You never forget your first love. Mine was a dollhouse I made from bits of Formica and wood. My parents had just had a new kitchen fitted and back then worktops had to be made from scratch by cutting to size and gluing on the Formica. I used leftover bits and created a 2 story dollhouse with wavy walls- that was not an artistic expression, I just couldn’t cut straight lines. It was pretty but felt Spartan so I overlaid the insides with floral fabric and it instantly felt like home. I was proud of my work and carried it with bated breath to show my mum and her friend. Mum let out a yell. I smiled from ear to ear, basking in the praise I was about to be drenched in since she had just discovered that her daughter’s talents had no end. Still in shock, she explained to her friend that the Formica had cost her such a large amount of money per square meter, and of all the things in and out of the house, why did that have to be my drug of choice? She later admired my work- reluctantly- so as to dissuade me from going after any other expensive leftovers in the house.
I remember being aware of the mood-altering effect interiors can have on us the time we visited friends of my parents. I must have been about 6 or 7 years old at the time. It isn’t unusual for middle-class homes in Nigeria to have 2 or more sitting rooms. There is the family or kids room where the children play and watch TV. This usually has comfortable chairs and is rich in colour. Next you have the adults’ or main sitting room where the parents and their close friends hang out. The decor is usually tasteful and coordinated, often with a comfortable accent chair for the man of the house. Finally, you have the ‘touch me not’ sitting room. This space is reserved for very special guests, or for showing off and it bears a striking resemblance to an art gallery. The adults seem to glide rather than walk on the carpet with the homeowner leading the way, telling the story of how they acquired this piece of art or the other. Unfortunately, on this visit, that was where my family ended up.
Once seated, no one needed to tell us that this wasn’t a place for kids to kick back and relax, certainly no child had ever played hide and seek in here. Like birds, we perched on the very edge of the chairs and tried not to breathe for fear of rearranging the symmetry in the air. There were what I now know to be ornamental framed art on the walls featuring fearful characters, each face framed in intricate, gilded carving. It certainly wasn’t a happy place and it wasn’t because colour was absent. The laughter was pretentious and the voice tones pre-measured for effect. My brothers and I couldn’t wait to bolt. Finally, we were set free and told to go and play with the other children in the children’s sitting room. I remember mum’s whisper as on my way out I reached out to have a sneaky caress of the textured wall, ‘don’t touch the walls!’ Despite the indoor swimming pool and access to every toy a child could dream of, I prayed never to return. Unfriendly family or sitting rooms became my pet peeve from that moment on and it still is.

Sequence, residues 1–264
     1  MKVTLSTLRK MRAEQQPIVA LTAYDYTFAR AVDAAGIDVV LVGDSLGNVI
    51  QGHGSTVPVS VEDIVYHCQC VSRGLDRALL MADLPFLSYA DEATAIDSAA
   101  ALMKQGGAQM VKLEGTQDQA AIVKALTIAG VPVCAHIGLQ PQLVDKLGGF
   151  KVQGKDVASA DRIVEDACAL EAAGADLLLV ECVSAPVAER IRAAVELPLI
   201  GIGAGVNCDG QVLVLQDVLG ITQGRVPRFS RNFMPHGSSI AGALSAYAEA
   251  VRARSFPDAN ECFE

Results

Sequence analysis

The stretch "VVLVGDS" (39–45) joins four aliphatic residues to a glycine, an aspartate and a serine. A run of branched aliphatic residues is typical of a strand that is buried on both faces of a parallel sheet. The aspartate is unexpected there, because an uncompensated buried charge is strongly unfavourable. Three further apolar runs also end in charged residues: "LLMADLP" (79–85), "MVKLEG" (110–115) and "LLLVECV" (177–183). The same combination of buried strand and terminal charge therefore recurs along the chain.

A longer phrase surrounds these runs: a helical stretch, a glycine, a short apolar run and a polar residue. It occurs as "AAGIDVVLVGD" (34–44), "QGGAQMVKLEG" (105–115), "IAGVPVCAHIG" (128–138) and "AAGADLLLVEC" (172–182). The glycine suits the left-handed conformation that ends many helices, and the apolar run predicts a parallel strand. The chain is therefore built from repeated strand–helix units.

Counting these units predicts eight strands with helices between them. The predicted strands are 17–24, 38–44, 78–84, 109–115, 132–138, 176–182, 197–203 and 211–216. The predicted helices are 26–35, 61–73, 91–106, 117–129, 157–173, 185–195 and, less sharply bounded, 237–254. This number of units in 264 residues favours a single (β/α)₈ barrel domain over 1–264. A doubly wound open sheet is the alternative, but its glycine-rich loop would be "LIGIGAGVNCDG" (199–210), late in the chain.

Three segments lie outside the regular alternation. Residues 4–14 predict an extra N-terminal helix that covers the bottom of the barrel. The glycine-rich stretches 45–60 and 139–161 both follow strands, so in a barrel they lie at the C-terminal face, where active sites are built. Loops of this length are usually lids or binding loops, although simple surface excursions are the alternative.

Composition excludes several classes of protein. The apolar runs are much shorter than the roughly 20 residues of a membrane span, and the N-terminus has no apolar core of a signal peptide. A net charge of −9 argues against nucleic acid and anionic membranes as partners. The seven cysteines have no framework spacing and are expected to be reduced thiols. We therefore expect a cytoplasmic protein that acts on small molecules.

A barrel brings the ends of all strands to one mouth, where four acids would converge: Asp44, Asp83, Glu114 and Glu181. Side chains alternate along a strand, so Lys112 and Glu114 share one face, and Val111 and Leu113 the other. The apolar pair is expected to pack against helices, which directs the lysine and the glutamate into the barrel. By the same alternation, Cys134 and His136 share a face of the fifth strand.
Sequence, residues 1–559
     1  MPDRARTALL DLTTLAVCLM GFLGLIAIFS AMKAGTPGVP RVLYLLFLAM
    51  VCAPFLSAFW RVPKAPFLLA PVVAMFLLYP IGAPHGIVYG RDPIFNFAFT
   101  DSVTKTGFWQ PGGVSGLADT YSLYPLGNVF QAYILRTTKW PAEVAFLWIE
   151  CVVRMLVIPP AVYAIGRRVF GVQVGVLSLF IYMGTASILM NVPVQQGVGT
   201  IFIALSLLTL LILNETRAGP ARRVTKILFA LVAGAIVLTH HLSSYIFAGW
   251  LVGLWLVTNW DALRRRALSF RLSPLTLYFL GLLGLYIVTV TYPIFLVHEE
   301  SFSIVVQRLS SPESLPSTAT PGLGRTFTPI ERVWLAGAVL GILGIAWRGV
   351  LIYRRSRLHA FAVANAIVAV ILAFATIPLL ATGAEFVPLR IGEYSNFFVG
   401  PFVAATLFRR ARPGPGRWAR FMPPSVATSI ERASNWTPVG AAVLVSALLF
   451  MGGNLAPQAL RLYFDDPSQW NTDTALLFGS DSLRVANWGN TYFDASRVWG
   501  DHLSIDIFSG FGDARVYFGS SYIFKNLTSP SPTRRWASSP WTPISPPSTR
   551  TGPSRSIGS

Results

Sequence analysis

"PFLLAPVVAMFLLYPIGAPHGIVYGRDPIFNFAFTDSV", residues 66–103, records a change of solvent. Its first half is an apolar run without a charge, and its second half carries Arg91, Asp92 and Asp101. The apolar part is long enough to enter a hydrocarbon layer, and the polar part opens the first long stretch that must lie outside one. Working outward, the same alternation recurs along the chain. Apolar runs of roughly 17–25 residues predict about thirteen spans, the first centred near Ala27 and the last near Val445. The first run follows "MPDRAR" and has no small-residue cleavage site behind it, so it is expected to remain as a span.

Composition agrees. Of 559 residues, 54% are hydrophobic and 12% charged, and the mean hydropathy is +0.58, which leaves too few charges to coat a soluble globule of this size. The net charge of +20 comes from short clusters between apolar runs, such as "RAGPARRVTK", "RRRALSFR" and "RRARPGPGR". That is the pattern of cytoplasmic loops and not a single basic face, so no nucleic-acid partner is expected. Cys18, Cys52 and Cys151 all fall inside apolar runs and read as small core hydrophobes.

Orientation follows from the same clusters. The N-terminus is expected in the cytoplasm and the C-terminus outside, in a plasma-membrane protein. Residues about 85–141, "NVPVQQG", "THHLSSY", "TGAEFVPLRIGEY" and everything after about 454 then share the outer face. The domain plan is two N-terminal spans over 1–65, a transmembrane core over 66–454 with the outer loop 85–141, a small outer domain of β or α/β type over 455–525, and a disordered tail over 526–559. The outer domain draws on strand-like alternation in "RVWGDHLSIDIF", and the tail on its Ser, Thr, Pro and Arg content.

I recently went through my wardrobe in a decluttering exercise. I came across a dress that I have only worn twice. I have no idea what drew me to it in the first place. I think at the time I purchased it I was struggling to balance my taste with what the runway decreed. The dress is in a psychedelic 70s print, which I am partial too, anything that takes me to the 70s or 80s is my friend, but the dress and I just did not get along. Perhaps my issue was with the colour. The print combines gold, cream and orange set against a chocolate brown background. I found it too dark despite the cream colour and the dress reminded me of a humid & busy marketplace. The reason I still held on to it was because I received great compliments both times I wore it. My friends loved it. Strangers stopped me to admire it. Still I just couldn’t garner any fondness for it. I have reached the conclusion that for us to enjoy creativity, it must be right for us from the inside out, not from the outside in.
I use this knowledge when designing interiors for clients. You may love the stunning room pictured in your favourite interior design magazine or website, but it might not feel right. So I work with the client to adapt the design so it feeds their own creativity.
After the holidays, I plan to remove from my space anything that does not bring me joy. Creativity does not need permission to be expressed and there is no yardstick to measure it against. Your home should bring you joy & allow you to express your true self.
I’ll finish with a quote by Barbara de Angelis: We need to find the courage to say NO to the things and people that are not serving us if we want to rediscover ourselves and live our lives with authenticity.
Have you had an experience that defined your likes and dislikes? Please share!
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